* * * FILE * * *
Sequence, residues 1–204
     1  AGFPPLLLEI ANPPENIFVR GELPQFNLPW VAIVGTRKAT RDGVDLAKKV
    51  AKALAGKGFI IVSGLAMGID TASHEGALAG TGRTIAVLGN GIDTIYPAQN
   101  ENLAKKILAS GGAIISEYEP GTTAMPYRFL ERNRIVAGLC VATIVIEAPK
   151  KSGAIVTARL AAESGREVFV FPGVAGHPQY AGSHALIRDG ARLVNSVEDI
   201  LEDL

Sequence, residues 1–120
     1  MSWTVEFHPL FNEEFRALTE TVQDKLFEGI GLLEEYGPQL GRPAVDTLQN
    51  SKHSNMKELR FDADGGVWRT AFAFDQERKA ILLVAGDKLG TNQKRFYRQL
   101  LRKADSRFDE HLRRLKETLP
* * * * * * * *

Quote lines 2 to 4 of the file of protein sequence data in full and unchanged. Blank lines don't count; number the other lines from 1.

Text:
     1  AGFPPLLLEI ANPPENIFVR GELPQFNLPW VAIVGTRKAT RDGVDLAKKV
    51  AKALAGKGFI IVSGLAMGID TASHEGALAG TGRTIAVLGN GIDTIYPAQN
   101  ENLAKKILAS GGAIISEYEP GTTAMPYRFL ERNRIVAGLC VATIVIEAPK